The study of the effects of low-level laser (LLL) radiation on blood is important for elucidating the mechanisms behind the interaction of LLL radiation and biologic tissues. Different therapy methods that involve blood irradiation have been developed and used for clinical purposes with beneficial effects. The aim of this study was to compare the effects of different irradiation protocols using a diode-pumped solid-state LLL (λ = 405 nm) on samples of human blood by measuring the erythrocyte sedimentation rate (ESR). Human blood samples were obtained through venipuncture into tubes containing EDTA as an anticoagulant. Every sample was divided into two equal aliquots to be used as an irradiated sample and a non-irradiated control sample. The irradiated aliquot was subjected to a laser beam with a wavelength of 405 nm and an energy density of 72 J/cm2. The radiation source had a fixed irradiance of 30 mW/cm2. The ESR change was observed for three different experimental protocols: irradiated whole blood, irradiated red blood cells (RBCs) samples re-suspended in non-irradiated blood plasma, and non-irradiated RBCs re-suspended in irradiated blood plasma. The ESR values were measured after laser irradiation and compared with the non-irradiated control samples. Irradiated blood plasma in which non-radiated RBCs were re-suspended was found to result in the largest ESR decrease for healthy human RBCs, 51%, when compared with RBCs re-suspended in non-irradiated blood plasma. The decrease in ESR induced by LLL irradiation of the plasma alone was likely related to changes in the plasma composition and an increase in the erythrocyte zeta potential upon re-suspension of the RBCs in the irradiated blood plasma.
  17. Mustafa S, Bahar A, Aziz ZA, Suratman S
    J. Environ. Manage., 2016 Jan 01;165:159-166.
    PMID: 26433356 DOI: 10.1016/j.jenvman.2015.09.026
    Analytical study of the influence of both the pumping well discharge rate and pumping time on contaminant transport and attenuation is significant for hydrological and environmental science applications. This article provides an analytical solution for investigating the influence of both pumping time and travelling time together for one-dimensional contaminant transport in riverbank filtration systems by using the Green's function approach. The basic aim of the model is to understand how the pumping time and pumping rate, which control the travelling time, can affect the contaminant concentration in riverbank filtration systems. Results of analytical solutions are compared with the results obtained using a MODFLOW numerical model. Graphically, it is found that both analytical and numerical solutions have almost the same behaviour. Additionally, the graphs indicate that any increase in the pumping rate or simulation pumping time should increase the contamination in groundwater. The results from the proposed analytical model are well matched with the data collected from a riverbank filtration site in France. After this validation, the model is then applied to the first pilot project of a riverbank filtration system conducted in Malaysia. Sensitivity analysis results highlight the importance of degradation rates of contaminants on groundwater quality, for which higher utilization rates lead to the faster consumption of pollutants.
  18. Mehrnoush A, Mustafa S, Sarker MZ, Yazid AM
    Molecules, 2011 Nov 03;16(11):9245-60.
    PMID: 22051935 DOI: 10.3390/molecules16119245
    Response surface methodology (RSM) using a central composite design (CCD) was employed to optimize the conditions for extraction of serine protease from kesinai (Streblus asper) leaves. The effect of independent variables, namely temperature (42.5,47.5, X₁), mixing time (2-6 min, X₂), buffer content (0-80 mL, X₃) and buffer pH (4.5-10.5, X₄) on specific activity, storage stability, temperature and oxidizing agent stability of serine protease from kesinai leaves was investigated. The study demonstrated that use of the optimum temperature, mixing time, buffer content and buffer pH conditions protected serine protease during extraction, as demonstrated by low activity loss. It was found that the interaction effect of mixing time and buffer content improved the serine protease stability, and the buffer pH had the most significant effect on the specific activity of the enzyme. The most desirable conditions of 2.5 °C temperature, 4 min mixing time, 40 mL buffer at pH 7.5 was established for serine protease extraction from kesinai leaves.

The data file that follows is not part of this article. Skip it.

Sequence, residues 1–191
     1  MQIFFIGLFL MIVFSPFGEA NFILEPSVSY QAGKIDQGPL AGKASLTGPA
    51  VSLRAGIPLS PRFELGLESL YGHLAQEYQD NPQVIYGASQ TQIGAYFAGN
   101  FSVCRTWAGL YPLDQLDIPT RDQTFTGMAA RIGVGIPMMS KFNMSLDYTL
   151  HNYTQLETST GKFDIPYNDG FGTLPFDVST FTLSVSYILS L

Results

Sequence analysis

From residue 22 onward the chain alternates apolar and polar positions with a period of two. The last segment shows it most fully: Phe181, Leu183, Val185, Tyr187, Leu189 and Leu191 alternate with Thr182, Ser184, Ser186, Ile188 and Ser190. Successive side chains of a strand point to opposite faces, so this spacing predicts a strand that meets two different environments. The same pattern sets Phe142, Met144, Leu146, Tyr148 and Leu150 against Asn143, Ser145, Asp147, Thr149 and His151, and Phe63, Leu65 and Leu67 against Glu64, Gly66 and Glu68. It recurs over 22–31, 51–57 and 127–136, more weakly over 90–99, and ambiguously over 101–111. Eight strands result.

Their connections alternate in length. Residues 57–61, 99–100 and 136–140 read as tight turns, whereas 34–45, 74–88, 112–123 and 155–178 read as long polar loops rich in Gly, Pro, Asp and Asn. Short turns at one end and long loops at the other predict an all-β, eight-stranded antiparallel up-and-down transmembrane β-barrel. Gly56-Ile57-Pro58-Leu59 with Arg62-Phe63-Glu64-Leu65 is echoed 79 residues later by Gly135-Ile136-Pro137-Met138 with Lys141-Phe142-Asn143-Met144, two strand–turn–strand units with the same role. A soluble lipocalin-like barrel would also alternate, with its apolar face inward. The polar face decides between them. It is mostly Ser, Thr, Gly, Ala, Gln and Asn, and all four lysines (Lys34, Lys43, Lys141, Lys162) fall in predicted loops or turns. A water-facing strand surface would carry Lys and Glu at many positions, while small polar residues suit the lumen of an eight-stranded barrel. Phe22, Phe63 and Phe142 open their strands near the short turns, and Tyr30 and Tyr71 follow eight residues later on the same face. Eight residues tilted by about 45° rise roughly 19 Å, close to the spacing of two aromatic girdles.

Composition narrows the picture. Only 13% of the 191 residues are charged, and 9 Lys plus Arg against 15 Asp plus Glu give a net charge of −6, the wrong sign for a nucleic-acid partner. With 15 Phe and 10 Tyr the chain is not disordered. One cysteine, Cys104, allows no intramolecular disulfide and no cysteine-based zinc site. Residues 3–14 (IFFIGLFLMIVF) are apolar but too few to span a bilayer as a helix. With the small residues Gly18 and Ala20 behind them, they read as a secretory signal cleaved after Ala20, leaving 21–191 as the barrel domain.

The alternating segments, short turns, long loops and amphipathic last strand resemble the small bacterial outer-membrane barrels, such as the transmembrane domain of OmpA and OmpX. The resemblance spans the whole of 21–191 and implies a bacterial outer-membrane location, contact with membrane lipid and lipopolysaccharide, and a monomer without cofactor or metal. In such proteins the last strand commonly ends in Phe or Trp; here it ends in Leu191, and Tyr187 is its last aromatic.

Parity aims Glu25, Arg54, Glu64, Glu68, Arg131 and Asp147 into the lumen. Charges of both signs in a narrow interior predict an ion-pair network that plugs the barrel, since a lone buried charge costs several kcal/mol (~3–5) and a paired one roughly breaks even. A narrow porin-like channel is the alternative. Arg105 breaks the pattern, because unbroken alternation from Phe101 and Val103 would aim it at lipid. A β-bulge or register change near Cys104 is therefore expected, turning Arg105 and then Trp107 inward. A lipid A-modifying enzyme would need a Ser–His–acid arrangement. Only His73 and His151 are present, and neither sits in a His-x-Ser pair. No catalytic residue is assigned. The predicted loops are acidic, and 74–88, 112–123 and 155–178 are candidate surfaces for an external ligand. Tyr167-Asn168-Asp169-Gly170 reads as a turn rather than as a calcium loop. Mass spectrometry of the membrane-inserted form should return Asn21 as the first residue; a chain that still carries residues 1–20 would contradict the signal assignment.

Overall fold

19. Mehrnoush A, Mustafa S, Sarker MZ, Yazid AM
    Int J Mol Sci, 2012;13(3):3636-49.
    PMID: 22489172 DOI: 10.3390/ijms13033636
    Mango peel is a good source of protease but remains an industrial waste. This study focuses on the optimization of polyethylene glycol (PEG)/dextran-based aqueous two-phase system (ATPS) to purify serine protease from mango peel. The activity of serine protease in different phase systems was studied and then the possible relationship between the purification variables, namely polyethylene glycol molecular weight (PEG, 4000-12,000 g·mol(-1)), tie line length (-3.42-35.27%), NaCl (-2.5-11.5%) and pH (4.5-10.5) on the enzymatic properties of purified enzyme was investigated. The most significant effect of PEG was on the efficiency of serine protease purification. Also, there was a significant increase in the partition coefficient with the addition of 4.5% of NaCl to the system. This could be due to the high hydrophobicity of serine protease compared to protein contaminates. The optimum conditions to achieve high partition coefficient (84.2) purification factor (14.37) and yield (97.3%) of serine protease were obtained in the presence of 8000 g·mol(-1) of PEG, 17.2% of tie line length and 4.5% of NaCl at pH 7.5. The enzymatic properties of purified serine protease using PEG/dextran ATPS showed that the enzyme could be purified at a high purification factor and yield with easy scale-up and fast processing.
Contact Us

Please provide feedback to Administrator (tengcl@gmail.com)

External Links